The Role of Predictive Analytics in the Strategy of an Insurance Company


Predictive analytics is slowly making its way into the insurance sector but progress is different in every country.  Nevertheless, there is a global trend across the industry to acquire data analytics capability.

Insurers with an analytics team are already enjoying the benefits of superior underwriting, pricing, and fraud detection with only a few companies currently using analytics in more than one of these areas.

This is expected to change and extended use of analytics is on the horizon[1].  However, once all insurers have a data analytics capability, something extra will be required to keep a competitive advantage.  The way an insurer uses its analytical resources will determine whether the company has a lasting advantage.  Data analysts are in high demand[2] so insurance companies need to ensure their analysts focus on the most important tasks for the business.

In addition, an analytics team will perform better when there are specific objectives and a clear sense of purpose.

Data analytics – enabling the company’s strategy?

Instead of adopting a silo approach, an insurer should use data analysts to support its business plan.  Analytics should help the business achieve its strategic goals to:  increase market size, achieve a better product per customer ratio, reduce fraud, etc.

The company’s strategy contains the business’ most important goals, so the data analytics department should focus on achieving those goals.  This can only happen when an insurer fully embeds analytics in the organisation rather than leaving it to act as an isolated team with little contact with the rest of the company.

XL and AIG have already seen this as key to success and they have taken steps accordingly[3].  Deloitte’s John Lucker considers that an appropriate analytics strategy is the first component to successful execution.  Christian Moe, Senior Analytical Consultant at SAS, also sees the alignment of analytics and business strategy as the first step to succeed in the implementation of data analytics[4].

But not all insurers are there yet:  a Deloitte’s 2015 survey reported that fewer than 50% of US Health companies (which includes Health insurers) had a clear analytics strategy[5].  US healthcare is often quoted as undergoing a data analytics revolution[6], putting the strategic gap in perspective.

There is a clear opportunity in the US Health Insurance market for companies that can formulate a good analytics strategy.  This applies to other insurers too.

Predictive analytics – driving the strategy?

Some argue that rather than supporting the company’s strategy, predictive analytics should dictate the strategy.  In today’s digital, fast paced world, the ability to identify new or changing trends and anticipate developments could be the key to success[7].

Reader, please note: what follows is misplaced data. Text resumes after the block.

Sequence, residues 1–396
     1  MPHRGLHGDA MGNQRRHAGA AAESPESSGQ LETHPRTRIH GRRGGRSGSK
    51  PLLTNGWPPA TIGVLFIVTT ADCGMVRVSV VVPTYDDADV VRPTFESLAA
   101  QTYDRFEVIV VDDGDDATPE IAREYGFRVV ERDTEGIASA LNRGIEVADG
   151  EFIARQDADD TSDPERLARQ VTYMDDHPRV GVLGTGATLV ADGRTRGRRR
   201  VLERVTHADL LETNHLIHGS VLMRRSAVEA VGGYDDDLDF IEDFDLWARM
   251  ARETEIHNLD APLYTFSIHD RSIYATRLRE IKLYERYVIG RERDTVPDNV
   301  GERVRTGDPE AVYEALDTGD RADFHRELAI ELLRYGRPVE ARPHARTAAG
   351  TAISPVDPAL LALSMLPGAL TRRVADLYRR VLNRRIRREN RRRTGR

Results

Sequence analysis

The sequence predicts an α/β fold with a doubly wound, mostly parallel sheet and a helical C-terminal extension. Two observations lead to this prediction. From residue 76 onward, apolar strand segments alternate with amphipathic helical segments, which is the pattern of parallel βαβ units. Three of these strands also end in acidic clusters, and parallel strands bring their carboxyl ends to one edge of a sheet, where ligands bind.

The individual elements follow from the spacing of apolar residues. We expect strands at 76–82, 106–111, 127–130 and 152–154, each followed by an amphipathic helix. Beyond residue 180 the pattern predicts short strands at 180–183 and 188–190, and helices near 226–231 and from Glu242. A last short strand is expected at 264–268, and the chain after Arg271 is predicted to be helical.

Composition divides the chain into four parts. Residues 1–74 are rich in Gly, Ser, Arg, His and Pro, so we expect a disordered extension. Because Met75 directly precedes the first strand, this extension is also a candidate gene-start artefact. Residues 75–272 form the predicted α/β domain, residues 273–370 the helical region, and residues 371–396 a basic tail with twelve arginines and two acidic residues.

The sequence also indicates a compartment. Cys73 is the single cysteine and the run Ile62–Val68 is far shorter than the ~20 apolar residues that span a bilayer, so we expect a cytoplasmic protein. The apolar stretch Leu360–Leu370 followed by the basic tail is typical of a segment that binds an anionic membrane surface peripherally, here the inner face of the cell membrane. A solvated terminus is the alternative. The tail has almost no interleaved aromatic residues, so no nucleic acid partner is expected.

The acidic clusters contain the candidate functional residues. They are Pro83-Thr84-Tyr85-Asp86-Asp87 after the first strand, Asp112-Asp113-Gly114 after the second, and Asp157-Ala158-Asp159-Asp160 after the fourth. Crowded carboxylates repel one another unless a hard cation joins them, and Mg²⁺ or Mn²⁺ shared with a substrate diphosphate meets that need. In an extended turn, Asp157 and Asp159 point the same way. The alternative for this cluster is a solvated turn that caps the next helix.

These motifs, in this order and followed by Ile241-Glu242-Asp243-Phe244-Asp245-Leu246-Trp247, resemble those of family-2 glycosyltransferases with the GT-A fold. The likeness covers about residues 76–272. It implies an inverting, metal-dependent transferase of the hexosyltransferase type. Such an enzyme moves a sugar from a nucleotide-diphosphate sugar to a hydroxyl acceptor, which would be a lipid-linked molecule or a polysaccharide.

Oracle’s white paper ‘Driving Strategic Planning with Predictive Modelling‘ already identified this in 2008[8].  The paper expects a shift in the focus of planning sessions after adopting predictive modelling:  ‘…from debating arbitrary point estimates toward reaching consensus on the key underlying assumptions with the greatest impact on the results’.

Focusing the analytics team on helping the business achieve desired outcomes for those key assumptions is a great way to contribute to the success of the strategy and its execution.

Oracle considers that the change in planning focus is possible because predictive analytics enables a business to ‘identify and evaluate risk and uncertainty in strategic decisions’.  Could insurers benefit from using predictive analytics to drive their strategy?

To an extent, insurance companies are already doing this.  Claims projections, stress and scenario testing, asset and liability matching and other forms of predictive modelling are already embedded in insurance, with actuaries making excellent use of these techniques.

This is good news for insurers but there is a wider range of methods in predictive analytics that would be a useful addition to the traditional actuarial skill set.  There is also scope for application in non-actuarial parts of the business such as Sales or Claims Management.

Analytics, an independent team with a supporting role

A company’s strategy will focus on different areas, sometimes on several at the same time.  Because of this, it is important that the analytics team is not part of a team with another specific focus such as Actuarial or Marketing.  Analysts need to be able to work with different business functions, understand how these operate and move on with the business strategy.

To be fully effective, an analytics team must be independent, ideally reporting to the CEO.  This is to ensure that it best serves the company’s interests rather than those of a particular department.  A recent survey by Towers Watson found that conflicting priorities is the third most significant challenge US P&C insurers face in the US, following only the lack of available talent and difficulty in data capture[9].

An insurance company with an autonomous analytics team, staffed with data analysts and business experts, will always be in a better position to help the company achieve its desired business outcomes than one that depends on a specific business unit and only counts with data analysts among its members.

A dynamic approach to analytics, aligning it with the company’s strategy, is a long-term winning combination that will provide the necessary competitive edge when data analytics is widespread across the industry.


Image source: Omer Yousief / Pixabay











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